Paul Bugden, Bugden + Co., London

Waterdance Limited v Kingston Marine Services Limited [2014] EWHC 224 (TCC) Stuart-Smith J.

The Joy of Ladram was a Beam Trawler owned by the Claimants engaged in commercial fishing. She suffered damage to her engine caused by negligence or breach of contract on the part of the Defendant.

The value of the Vessel’s hull and machinery immediately before the damage occurred was in the range £647,000 to £680,000. The damage to the Vessel would have cost £435,000 to repair. In the event, the Claimant decommissioned the Vessel without having carried out the repairs pursuant to a Governmental scheme which was introduced after the damage had been incurred; the purpose of which was to reduce capacity in the trawler fleet fishing by securing the permanent withdrawal of vessels from the fishing fleet. Under the scheme, the Claimant offered to decommission the Vessel in return for a grant payment of £1,119,000. The offer was accepted and the grant was duly received.

The Claimant claimed damages based on the diminution in value of the Vessel. The Defendant contended that no damages were payable for diminution in value because the Claimant had avoided or mitigated any loss it may have suffered by reason of the physical damage by decommissioning the Vessel for a sum equal to that which would have been obtained irrespective of the physical damage.

The authorities established that the reasonable cost of repairing a damaged chattel is prima facie evidence of the diminution in value caused by the damage, whether or not it is in fact repaired. The correct jurisprudential analysis of a claim for diminution in value, even if it is measured by the reasonable cost of repairs, is that it is a claim for general damages, not one for special damages. The diminution in value claim should therefore be pleaded as a claim for general damages. Documents such as an invoice for the cost of the repairs undertaken are no more than evidence of the diminution in value suffered by the chattel as a result of the negligence of the wrongdoer which can be used to make good the claim. Strictly speaking, the cost of the repairs is not itself the loss suffered. In Coles v Hetherton the law was summarised as follows:

(1) Where a chattel is damaged by the negligence of another that loss (the “direct” loss) is suffered as soon as the chattel is damaged. (2) The proper measure of that loss is the diminution in value that the chattel has suffered as a result of the negligence of the defendant. (3) If the chattel can be economically repaired, the claimant is entitled to have it repaired at the cost of the wrongdoer, although the claimant is not obliged to repair the chattel to recover the direct loss suffered. (4) Events occurring after the infliction of the damage are irrelevant to calculating the diminution in value measure of damages. Thus, subsequent destruction of the chattel or a decision to delay repairs, or an ability to have the repairs done at less than cost or for nothing will not prevent the claimant from recovering the diminution in value of the chattel that has been caused by the negligence of the tortfeasor. (5) Generally, the practical way that the courts have calculated this diminution in value is to ask how much would be the reasonable cost of repair so as to put the chattel back in the state it was in before it was damaged. Only if the sum claimed appears to be clearly excessive will the court be justified in investigating whether that sum exceeds the cost that the claimant would have incurred in having the repairs carried out by a reputable repairer.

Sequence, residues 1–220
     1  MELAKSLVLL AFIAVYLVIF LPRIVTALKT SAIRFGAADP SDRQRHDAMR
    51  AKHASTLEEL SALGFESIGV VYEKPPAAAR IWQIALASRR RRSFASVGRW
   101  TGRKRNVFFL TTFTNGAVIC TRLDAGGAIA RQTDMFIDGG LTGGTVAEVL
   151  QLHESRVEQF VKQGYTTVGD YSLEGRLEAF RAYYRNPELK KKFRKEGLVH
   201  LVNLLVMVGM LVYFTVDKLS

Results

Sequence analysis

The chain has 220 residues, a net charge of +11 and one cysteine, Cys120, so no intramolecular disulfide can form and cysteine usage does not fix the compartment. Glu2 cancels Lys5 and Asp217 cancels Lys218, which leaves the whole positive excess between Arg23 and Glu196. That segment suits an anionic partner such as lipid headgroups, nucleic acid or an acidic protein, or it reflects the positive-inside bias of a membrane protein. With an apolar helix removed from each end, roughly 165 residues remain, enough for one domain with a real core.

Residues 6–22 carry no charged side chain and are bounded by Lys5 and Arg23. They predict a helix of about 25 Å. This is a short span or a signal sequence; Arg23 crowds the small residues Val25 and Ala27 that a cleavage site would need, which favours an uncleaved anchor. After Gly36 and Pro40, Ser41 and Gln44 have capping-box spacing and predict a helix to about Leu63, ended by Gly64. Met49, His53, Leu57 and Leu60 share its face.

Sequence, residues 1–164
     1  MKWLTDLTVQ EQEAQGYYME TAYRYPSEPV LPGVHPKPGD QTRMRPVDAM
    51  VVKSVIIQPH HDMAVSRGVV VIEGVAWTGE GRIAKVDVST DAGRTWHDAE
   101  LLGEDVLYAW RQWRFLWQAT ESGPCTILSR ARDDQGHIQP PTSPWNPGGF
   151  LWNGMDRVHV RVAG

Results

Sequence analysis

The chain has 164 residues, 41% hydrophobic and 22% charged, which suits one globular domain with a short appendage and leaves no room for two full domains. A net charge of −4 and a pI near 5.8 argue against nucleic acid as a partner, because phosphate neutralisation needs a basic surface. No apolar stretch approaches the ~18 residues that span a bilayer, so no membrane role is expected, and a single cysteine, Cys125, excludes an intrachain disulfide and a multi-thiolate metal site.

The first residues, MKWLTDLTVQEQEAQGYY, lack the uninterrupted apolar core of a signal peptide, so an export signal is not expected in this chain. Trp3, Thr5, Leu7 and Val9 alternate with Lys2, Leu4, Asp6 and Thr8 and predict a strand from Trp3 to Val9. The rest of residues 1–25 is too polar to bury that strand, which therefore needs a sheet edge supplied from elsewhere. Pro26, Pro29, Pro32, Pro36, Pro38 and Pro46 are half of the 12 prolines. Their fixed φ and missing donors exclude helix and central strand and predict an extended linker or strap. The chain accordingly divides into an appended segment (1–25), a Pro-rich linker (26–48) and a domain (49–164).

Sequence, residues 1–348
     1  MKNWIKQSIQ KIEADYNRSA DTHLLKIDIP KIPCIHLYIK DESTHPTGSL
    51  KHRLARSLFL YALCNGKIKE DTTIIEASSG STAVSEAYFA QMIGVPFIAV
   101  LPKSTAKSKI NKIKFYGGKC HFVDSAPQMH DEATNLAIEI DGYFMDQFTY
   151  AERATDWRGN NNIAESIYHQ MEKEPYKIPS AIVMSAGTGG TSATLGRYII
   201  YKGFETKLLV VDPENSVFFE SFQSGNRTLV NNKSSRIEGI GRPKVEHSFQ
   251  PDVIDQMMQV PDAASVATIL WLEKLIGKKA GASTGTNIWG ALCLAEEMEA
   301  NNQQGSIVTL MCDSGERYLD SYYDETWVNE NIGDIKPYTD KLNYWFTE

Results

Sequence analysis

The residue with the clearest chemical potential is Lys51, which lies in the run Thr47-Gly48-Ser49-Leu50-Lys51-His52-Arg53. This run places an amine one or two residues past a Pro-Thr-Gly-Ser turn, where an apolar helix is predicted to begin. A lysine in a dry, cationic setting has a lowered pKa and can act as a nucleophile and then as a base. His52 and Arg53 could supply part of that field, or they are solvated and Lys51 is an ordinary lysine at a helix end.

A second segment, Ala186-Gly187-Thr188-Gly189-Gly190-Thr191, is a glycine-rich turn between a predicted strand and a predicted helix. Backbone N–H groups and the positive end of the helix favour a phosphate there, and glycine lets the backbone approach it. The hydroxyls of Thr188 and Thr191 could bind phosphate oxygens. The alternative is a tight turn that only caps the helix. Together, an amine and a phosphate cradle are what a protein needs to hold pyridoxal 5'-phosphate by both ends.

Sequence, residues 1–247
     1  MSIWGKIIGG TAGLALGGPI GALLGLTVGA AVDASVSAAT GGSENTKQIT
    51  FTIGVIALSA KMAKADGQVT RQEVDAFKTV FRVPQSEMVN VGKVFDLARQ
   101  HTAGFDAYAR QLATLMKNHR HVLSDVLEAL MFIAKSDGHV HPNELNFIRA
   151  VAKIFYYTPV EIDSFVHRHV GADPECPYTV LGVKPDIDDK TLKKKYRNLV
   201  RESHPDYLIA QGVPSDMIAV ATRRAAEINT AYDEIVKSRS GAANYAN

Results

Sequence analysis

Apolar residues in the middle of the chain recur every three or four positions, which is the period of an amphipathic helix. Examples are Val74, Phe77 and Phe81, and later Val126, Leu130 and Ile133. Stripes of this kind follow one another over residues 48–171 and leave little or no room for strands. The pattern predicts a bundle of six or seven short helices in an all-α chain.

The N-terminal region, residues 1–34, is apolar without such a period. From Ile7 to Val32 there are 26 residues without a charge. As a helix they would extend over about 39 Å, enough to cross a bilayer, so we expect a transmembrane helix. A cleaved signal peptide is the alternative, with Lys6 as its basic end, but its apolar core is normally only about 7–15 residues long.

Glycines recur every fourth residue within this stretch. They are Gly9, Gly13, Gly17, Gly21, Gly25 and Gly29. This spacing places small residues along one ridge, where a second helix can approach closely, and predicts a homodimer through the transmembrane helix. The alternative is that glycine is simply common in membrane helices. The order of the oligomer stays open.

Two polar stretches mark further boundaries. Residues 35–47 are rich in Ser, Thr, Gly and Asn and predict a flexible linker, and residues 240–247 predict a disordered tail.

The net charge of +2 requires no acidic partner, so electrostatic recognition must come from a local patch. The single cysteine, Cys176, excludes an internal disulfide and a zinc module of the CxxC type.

On the authorities the Claimant accepted that diminution in value is the touchstone, with the agreed cost of repairs being the prima facie measure of loss; and the Defendant accepted that the burden rested upon it to prove that there was no diminution in value despite that prima facie evidence. The Defendant did not suggest that the cost of repairs was “clearly excessive” and there was no material upon which such a finding could be made. The Defendant as such had to show that circumstances existed at the date of the infliction of damage as a result of which the physical damage to the Vessel caused no diminution in its value to the Claimant on that date.

Once it was concluded on the evidence, as it was, that the Defendant has failed to show that no diminution of value occurred, the prima facie measure of damages was the reasonable cost of repairs and as no alternative figure had been advanced by the Defendant and no reasons based on either fact or principle for adopting a different figure presented themselves the court concluded that the Claimant suffered a direct loss at the time of the damage, the correct measure for which is the reasonable cost of repairs, namely £435,000.

The result of course may possibly be different in other cases on different facts; as say where say the damage suffered has no effect at all on the use or value of the vessel and where she is sold in an unrepaired state.

Furthermore other principles may pertain where the claim is say for delivery up by carrier of goods in damaged condition or say for damage not to a capital asset but mere stock in trade; in which cases the starting point for assessment of the loss may not be the cost of their repair but rather the diminution in their market value.